A historical drama set in Roman Egypt, concerning a slave who turns to the rising tide of Christianity in the hope of pursuing freedom while falling in love with his mistress, the famous philosophy and mathematics professor Hypatia of Alexandria.
Greece is experiencing conditions in post-war history that no European thought would face again. Homeless people, soup kitchens, unemployment, poverty, violent conflicts and the rise of the... See full summary »
Alexandria, 391 AD: Hypatia teaches astronomy, mathematics, and philosophy. Her student Orestes is in love with her, as is Davus, her personal slave. As the city's Christians, led by Ammonius and Cyril, gain political power, the institutions of learning may crumble along with the governance of slavery. Jump ahead 20 years: Orestes, the city's prefect, has an uneasy peace with Christians, led by Cyril. A group from the newly empowered Christians has now taken to enforce their cultural hegemony zealously; first they see the Jews as their obstacle, then nonbelievers. Hypatia has no interest in faith; she's concerned about the movement of celestial bodies and "the brotherhood of all". Although her former slave doesn't see it that way. Written by
The set was built on the exact same spot (Fort Ricasoli, Malta) where the Coliseum was built for Gladiator (2000). The fort was also used for Caesar (2002), Helen of Troy (2003) and Troy (2004). See more »
The Serapeum was on the top of a hill. According to certain authors it contained only a part of the works of the Great Library after its fire occurred centuries before. There were then two libraries and the Great Library was in fact on the other side of the Rhakotis quarter, more or less in front of the Island of Pharus. See more »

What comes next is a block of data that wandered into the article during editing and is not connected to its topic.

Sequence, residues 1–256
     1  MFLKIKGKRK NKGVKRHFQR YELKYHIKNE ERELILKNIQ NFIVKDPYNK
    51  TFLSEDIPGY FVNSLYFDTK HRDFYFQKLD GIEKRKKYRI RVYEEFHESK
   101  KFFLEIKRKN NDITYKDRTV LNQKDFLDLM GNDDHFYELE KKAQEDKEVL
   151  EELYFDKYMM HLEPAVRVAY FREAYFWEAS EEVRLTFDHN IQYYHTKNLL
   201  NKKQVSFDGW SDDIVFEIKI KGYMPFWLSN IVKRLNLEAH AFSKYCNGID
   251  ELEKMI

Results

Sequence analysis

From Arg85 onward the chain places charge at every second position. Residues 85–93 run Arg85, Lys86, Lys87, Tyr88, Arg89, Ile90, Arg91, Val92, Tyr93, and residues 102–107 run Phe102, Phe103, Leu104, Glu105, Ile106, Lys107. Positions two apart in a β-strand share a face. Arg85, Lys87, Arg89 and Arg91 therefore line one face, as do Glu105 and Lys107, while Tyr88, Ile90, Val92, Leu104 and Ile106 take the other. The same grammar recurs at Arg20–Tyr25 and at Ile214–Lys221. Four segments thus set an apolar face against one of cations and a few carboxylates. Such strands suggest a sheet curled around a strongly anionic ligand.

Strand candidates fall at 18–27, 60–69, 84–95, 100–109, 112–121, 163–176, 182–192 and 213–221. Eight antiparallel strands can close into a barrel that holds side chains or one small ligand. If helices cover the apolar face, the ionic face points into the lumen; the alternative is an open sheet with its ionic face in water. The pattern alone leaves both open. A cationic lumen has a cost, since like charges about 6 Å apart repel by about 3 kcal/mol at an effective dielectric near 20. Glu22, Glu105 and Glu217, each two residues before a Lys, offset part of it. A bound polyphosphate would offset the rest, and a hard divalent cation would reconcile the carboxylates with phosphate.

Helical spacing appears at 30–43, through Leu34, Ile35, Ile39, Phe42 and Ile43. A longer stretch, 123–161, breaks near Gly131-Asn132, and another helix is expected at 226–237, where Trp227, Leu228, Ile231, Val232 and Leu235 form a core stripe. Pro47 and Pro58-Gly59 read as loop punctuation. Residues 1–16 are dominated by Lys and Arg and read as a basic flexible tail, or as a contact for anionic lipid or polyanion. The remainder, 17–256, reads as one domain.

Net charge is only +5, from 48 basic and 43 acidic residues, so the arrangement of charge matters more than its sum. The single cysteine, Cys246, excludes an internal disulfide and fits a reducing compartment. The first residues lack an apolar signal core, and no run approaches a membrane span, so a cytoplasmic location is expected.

I was forgiven but now I can't forgive.
Forgive? Who the Jews?
Well Jesus pardoned them on the cross.
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The acting is fantastic but the script does not have any respect for the material.
Unfocused look at the beginning of the dark ages has a dedicated cast of actors working with basically nothing in terms of a coherent plot. Rachel Weisz does extraordinary work with what she has but she's doing more than she should have in terms of the script she is working with and it shows because while the movie struggles with its incoherent plot, Weisz gamely gives it the strong characterization it needs. Fortunately for Weisz and the audience, she is surrounded by equally dedicated actors who bring more to their characters and the script as well with Max Minghella, Ashraf Barhom and Oscar Isaac each giving more to the material they are working with. Which is a shame because if the film had a tighter script that focus more on the age and time the film was set in, the film would have been much better off than it is right now. As it is, its more a lesson on how good acting can be blindsided by weak material than a lesson on what the age was about.
5/10 (For the acting only)
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